Baker, Ahles & Kaskovich

Dean & Deluca still scouting for Fort Worth store locations

Dean & DeLuca has a pop-up store selling food, beverages and gifts at Colonial Country Club this week.
Dean & DeLuca has a pop-up store selling food, beverages and gifts at Colonial Country Club this week.

A year after Dean & Deluca debuted as the title sponsor for the Colonial golf tournament, Fort Worth is still waiting to learn if it will get one of its gourmet food stores.

Company executives have looked at a number of sites in the Fort Worth area, including in Sundance Square, but have yet to find the right location for either a full-service market or cafe. Its only announced location thus far in North Texas is in the upscale Legacy West development going up in Plano.

“We are still looking for opportunities in the Fort Worth area,” said Adam Miller, senior vice president of operations, adding that a lot of people in the city have expressed interest. “Our presence in Fort Worth is very important to us.”

Dean & Deluca’s markets sell a variety of foods, including fresh produce, meat, seafood, cheese and confections, plus prepared foods, coffee, wine and high-end kitchenware. The retailer also operates the smaller cafes and is developing a new fast casual concept called Dean & Deluca XP.

Thus far, the only exposure to Dean & Deluca for Fort Worth residents has been at Colonial, where it operates a pop-up store called Prince Street selling sandwiches, fresh fruit, drinks, pastries and a selection of gift boxes. There is also a full-service coffee bar.

The business, which started in New York’s SoHo district in 1977, was acquired by Pace Development, a Thailand developer run by Sorapoj Techakraisri, in 2014. D&D currently has about a dozen U.S. locations in New York, Washington, D.C., Charlotte, N.C., the Kansas City area, Honolulu and St. Helena, Calif., plus international sites in Japan, Kuwait, the United Arab Emirates, Philippines, Singapore, South Korea and Thailand.

In media interviews, Techakraisri has spoken of adding hundreds of stores around the globe and the company signed onto a six-year title sponsorship with the PGA Tour at Colonial to bolster the luxury brand. But so far expansion has come slowly.

Outside of Plano, only another Washington-area store has been announced, in Bethesda, Md., according to its website. Meanwhile, the opening of a market in Plano, originally scheduled for this spring, has been pushed back. The company continues to work on the design and no opening date has been set, Miller said. The company hopes to have multiple stores in North Texas.

“Expansion is a big part of our future. But we must be very careful that we pick the best locations,” Miller said. “We look forward to expanding the brand out in the next two years.”

Cowtown or bust

Should Fort Worth drop the Cowtown theme from its marketing efforts? A couple of real estate professionals seem to think it might be time.

Edward Manuel, senior vice president of development for Fort Worth-based Trademark Property Co., which is behind the Waterside project in southwest Fort Worth, told attendees to the recent Bisnow gathering on real estate market trends that it doesn’t resonate with millennials, nor does it attract them.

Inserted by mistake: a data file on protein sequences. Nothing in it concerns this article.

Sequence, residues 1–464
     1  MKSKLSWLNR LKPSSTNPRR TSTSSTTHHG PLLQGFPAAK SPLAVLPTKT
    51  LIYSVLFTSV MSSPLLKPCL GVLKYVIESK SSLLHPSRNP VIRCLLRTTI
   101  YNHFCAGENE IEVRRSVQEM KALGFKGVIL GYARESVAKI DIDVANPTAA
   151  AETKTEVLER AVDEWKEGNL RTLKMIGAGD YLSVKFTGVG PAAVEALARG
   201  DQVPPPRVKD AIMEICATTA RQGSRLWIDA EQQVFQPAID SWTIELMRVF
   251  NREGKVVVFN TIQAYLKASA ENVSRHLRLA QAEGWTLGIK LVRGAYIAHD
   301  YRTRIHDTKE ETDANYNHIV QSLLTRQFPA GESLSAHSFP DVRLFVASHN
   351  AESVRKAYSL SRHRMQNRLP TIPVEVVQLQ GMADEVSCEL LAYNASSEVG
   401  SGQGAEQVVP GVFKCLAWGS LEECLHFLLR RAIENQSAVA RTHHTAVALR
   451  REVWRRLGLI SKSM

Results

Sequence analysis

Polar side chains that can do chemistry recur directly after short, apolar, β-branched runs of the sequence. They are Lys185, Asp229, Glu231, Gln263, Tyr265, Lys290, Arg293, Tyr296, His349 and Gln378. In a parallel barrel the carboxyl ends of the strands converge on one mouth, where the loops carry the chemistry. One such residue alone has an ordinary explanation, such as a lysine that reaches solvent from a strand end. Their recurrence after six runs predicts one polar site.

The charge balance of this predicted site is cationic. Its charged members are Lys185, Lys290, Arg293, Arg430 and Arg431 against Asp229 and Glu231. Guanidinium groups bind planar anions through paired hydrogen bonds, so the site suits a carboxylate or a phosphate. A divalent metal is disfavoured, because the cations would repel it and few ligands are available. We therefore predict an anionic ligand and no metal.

“I love the Cowtown theme,” Manuel said, even if 22-year-olds don’t. “What do we want the brand to be for Fort Worth? We need to think deep and hard.”

Bill Burton, executive vice president with Hillwood Properties, the developer of AllianceTexas, said marketing the city and region should stress education, with all the colleges and universities located here.

“I love Cowtown, too, and it plays to a certain level. But there’s so much more,” Burton said.

Their remarks came after Mayor Betsy Price told the crowd that one of the most popular items she hands out is the Molly lapel pin. Molly, a longhorn, is the city’s official mascot used in the city’s logo. It’s recognized as far away as China, she said.

Even Dallas Mayor Mike Rawlings has commented on how popular the pins are, she said.

“Fort Worth has long been considered the city of cowboys and culture and so much more,” Price said. It’s that atmosphere, she said, that makes the city “one of the most visited destinations and place to live.” Sandra Baker

Gas, tacos and pizza

Fuel City convenience stores are known for their tacos, cheap gas and exotic animals. So when Fuel City broke ground on its fourth store in Saginaw about two weeks ago, people wondered what sort of surprise John Benda, its owner and chief huckster, had in store for them.

Here’s a hint: Pizza!Pizza!

Little Caesars has decided to open a store-within-a-store franchise in the Saginaw Fuel City on Blue Mound Road, Benda said. They made up their mind after officials from the pizza chain’s Detroit headquarters flew down and toured his stores in Dallas, Mesquite and Haltom City.

The piping hot pizza will be served along with fresh fried pies, the convenience store’s signature street tacos and, in another Fuel City first, a hamburger he’s already named “The King Burger,” Benda said. He said the Saginaw store, at 14,000 square feet, will be his biggest yet.

While his other locations have animals, Benda said the Saginaw site is too small for that. But he hopes its 1880s Western theme, a la “Wild Bill” Hickok, will still make it a fun place to visit.

He’s already looking to open his fifth store in the Metroplex, possibly in Arlington, if he can “find the site.”

Andrea Ahles: 817-390-7631, @Sky_Talk

Max B. Baker: 817-390-7714, @MaxbakerBB

Steve Kaskovich: 817-390-7773, @stevekasko